It has been a wild ride on the high seas of capital markets in the past week. After falling more than 2,700 points in the prior seven days, the Dow Jones Industrials rebounded by its highest point total ever, 1,046 points, on Wednesday, December 26. While that rally was a welcome respite from the volatility and downtrend over the week, the Dow is still down more than 10% for the month of December.
In our view, a number of conditions for this volatility storm have converged, making the sell-off and the rebound much more exaggerated than they otherwise would have been. Indeed, the markets continue to fluctuate against a backdrop of low liquidity, heightening political and headline risk, downward earnings revisions, falling consumer confidence, rising dominance of computer trading (which follows rules, often without regard to business fundamentals), a government shutdown, and an almost 10-year bull market that is sensitive to profit taking. And this is only a partial list.
We think one of the more important points from Wednesday’s massive rally — the largest point change in Dow Jones history (1,046) and the eighth largest by percentage (5%) — in the U.S. equity markets provides the first meaningful evidence that the market continues to respond favorably to positive data. Notably, a positive surprise in manufacturing data may have helped spark the turn on Wednesday, which carried into Thursday. We expect market perceptions to continue to change quickly, and computer trading will magnify market moves.
The dichotomy for investors navigating this storm is between the real and potential risks. Recent positive news is real (inflation is low, very low risk of recession, profit growth will be lower but positive in 2019, etc.), while the fears largely remain potential (e.g., further headline risk, no trade resolution in 2019, additional trade responses from existing partners, a never-ending government shutdown). While the government shutdown will likely continue to weigh on investors’ near-term thinking, we believe a focus on the real data, which suggests the underlying growth dynamics of the U.S. economy are still in a growth (but slowing from great to good) mode, is the more relevant endeavor. Undeniably, the holiday retail selling season was very strong — signaling that consumers continue to behave in line with their rising paychecks, fueled by tax cuts and falling energy prices, not by falling stocks.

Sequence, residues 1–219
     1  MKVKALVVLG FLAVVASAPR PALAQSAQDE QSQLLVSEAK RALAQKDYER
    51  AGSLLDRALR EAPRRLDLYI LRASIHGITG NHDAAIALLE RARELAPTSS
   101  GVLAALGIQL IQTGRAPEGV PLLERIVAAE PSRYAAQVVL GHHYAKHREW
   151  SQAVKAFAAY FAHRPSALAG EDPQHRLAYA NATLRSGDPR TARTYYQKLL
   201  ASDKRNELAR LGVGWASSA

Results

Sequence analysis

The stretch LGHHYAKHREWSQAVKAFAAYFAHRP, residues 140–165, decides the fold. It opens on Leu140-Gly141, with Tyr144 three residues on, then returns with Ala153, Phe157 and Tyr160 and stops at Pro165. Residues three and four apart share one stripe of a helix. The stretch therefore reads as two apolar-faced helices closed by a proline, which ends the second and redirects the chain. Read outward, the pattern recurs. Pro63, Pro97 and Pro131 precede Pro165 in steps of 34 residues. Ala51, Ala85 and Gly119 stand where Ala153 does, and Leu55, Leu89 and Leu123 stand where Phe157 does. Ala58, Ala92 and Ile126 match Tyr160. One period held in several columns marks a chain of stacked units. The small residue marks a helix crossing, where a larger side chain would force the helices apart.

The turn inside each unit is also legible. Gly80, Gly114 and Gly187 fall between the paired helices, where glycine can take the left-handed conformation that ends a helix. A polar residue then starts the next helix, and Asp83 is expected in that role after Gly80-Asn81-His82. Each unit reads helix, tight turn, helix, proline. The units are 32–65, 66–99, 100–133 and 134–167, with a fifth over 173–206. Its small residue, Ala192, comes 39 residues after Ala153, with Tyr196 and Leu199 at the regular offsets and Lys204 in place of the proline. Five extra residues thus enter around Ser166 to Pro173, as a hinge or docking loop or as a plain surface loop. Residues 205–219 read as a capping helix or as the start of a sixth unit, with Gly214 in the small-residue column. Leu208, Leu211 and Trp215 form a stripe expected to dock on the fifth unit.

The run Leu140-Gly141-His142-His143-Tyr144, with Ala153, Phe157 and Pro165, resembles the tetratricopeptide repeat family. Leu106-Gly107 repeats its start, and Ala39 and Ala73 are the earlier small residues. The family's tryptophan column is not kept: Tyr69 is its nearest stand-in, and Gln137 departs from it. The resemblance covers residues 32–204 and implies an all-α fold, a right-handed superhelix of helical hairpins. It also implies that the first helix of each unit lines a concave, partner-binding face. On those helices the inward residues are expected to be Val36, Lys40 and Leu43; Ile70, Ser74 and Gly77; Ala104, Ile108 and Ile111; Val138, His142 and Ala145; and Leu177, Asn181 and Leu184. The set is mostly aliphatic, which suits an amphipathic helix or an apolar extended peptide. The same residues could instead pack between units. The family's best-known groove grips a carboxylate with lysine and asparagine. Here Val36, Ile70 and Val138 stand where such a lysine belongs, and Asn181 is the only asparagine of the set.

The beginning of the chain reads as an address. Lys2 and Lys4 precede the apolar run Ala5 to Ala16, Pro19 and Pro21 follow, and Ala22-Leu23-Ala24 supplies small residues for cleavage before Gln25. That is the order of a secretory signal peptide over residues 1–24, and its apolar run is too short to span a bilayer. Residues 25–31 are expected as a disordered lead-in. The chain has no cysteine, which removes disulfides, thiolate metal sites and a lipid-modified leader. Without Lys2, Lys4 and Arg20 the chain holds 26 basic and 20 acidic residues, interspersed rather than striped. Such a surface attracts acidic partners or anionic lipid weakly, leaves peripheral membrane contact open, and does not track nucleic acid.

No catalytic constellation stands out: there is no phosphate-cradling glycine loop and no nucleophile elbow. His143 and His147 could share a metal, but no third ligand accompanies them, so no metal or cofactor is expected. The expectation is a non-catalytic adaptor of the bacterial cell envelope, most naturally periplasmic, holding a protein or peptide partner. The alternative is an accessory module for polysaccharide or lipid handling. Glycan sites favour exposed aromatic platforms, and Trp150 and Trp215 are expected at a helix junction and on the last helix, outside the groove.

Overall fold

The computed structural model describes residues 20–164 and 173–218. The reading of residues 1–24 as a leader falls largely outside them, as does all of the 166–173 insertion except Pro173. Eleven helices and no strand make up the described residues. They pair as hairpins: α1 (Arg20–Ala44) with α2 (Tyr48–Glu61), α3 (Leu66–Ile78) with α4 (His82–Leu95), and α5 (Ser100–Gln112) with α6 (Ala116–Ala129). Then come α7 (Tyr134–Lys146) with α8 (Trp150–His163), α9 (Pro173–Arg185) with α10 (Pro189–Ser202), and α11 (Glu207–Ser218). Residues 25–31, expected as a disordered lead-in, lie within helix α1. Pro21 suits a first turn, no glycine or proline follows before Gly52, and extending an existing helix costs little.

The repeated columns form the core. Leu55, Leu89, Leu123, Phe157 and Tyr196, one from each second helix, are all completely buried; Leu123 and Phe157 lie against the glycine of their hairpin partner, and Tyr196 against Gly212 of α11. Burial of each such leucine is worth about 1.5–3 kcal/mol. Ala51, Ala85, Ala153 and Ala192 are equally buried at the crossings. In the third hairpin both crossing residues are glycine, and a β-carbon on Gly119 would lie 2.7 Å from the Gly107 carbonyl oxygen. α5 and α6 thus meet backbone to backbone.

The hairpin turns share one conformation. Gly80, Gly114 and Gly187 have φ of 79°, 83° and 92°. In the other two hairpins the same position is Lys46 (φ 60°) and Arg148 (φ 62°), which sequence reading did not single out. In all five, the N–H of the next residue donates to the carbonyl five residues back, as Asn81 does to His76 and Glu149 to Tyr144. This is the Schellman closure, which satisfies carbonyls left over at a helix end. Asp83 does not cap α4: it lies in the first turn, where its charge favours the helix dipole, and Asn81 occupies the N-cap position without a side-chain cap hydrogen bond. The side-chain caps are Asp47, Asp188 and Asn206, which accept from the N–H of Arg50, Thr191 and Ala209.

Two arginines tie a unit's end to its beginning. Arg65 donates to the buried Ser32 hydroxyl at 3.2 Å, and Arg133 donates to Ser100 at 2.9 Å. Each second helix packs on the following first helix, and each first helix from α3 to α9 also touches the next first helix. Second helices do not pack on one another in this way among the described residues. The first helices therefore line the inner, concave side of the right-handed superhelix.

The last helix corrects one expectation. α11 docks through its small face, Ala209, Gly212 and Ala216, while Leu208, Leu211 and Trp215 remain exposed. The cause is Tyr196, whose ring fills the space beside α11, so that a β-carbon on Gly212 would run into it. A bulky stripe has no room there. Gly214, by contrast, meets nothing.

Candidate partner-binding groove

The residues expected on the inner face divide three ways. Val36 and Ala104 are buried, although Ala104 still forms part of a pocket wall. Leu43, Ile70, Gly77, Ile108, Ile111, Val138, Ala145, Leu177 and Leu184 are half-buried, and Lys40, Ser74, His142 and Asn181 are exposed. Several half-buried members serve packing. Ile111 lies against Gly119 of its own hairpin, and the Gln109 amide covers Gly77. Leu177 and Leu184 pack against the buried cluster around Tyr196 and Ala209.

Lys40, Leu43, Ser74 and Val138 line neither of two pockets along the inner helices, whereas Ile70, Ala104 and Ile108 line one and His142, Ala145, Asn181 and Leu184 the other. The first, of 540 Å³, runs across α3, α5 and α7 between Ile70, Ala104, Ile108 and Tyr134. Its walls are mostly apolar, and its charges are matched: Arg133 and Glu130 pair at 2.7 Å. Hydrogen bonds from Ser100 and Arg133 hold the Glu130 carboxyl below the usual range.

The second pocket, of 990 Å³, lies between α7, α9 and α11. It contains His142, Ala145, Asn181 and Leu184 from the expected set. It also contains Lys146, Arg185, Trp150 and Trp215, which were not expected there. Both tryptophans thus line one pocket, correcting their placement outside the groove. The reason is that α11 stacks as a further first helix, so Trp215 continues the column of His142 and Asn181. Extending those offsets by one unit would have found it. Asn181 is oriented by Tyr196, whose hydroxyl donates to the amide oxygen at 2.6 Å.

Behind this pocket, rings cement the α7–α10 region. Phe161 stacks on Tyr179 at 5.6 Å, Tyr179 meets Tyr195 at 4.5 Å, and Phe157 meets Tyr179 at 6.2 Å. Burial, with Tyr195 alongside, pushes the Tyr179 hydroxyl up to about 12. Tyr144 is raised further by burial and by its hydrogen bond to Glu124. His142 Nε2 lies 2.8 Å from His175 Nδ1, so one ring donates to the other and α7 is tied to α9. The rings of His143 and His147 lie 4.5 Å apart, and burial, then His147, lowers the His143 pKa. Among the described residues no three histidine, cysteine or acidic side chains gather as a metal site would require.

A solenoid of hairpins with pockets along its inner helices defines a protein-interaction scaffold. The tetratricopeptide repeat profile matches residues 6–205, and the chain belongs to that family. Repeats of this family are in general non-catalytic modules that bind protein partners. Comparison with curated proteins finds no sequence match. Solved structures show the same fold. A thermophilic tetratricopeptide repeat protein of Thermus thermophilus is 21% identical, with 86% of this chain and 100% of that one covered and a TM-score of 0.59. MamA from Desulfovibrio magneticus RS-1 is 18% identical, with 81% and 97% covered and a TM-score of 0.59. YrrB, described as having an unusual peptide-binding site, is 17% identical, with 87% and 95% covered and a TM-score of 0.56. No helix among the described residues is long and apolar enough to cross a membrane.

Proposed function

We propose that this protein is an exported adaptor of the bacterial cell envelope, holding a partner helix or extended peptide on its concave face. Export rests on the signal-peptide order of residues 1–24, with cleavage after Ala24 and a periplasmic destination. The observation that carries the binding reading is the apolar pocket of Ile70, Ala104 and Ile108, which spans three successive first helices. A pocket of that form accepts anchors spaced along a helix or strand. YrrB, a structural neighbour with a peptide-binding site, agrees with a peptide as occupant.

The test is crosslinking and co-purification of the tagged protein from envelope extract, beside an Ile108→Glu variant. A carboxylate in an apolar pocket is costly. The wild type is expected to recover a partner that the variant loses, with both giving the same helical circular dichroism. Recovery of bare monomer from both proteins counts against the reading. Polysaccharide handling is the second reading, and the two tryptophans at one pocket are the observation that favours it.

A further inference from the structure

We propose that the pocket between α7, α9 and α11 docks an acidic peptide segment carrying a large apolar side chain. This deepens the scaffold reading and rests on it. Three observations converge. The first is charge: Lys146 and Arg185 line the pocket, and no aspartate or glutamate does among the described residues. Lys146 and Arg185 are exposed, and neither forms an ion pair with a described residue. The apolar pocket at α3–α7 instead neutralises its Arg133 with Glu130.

While most of the risk factors we have already highlighted in our previous publications remain, the valuation case is becoming more compelling, and resolutions to any number of political headwinds would be a large positive for stocks, in our view. In the near term, we expect stocks to weather the storm that may last into January, as companies still need to adjust their earnings to a lower growth environment and higher interest rates — a process that will run into early next year. Yet, our counsel remains the same: aggressively manage risk by staying close to your long-term equity allocations, shifting toward active risk management strategies in stocks and bonds, and be patient with cash to rebalance. For clients underweight in equities, we think selectively adding on further pullbacks is prudent given our constructive view on economic growth.
Return of Major Indices as of 12/26/2018
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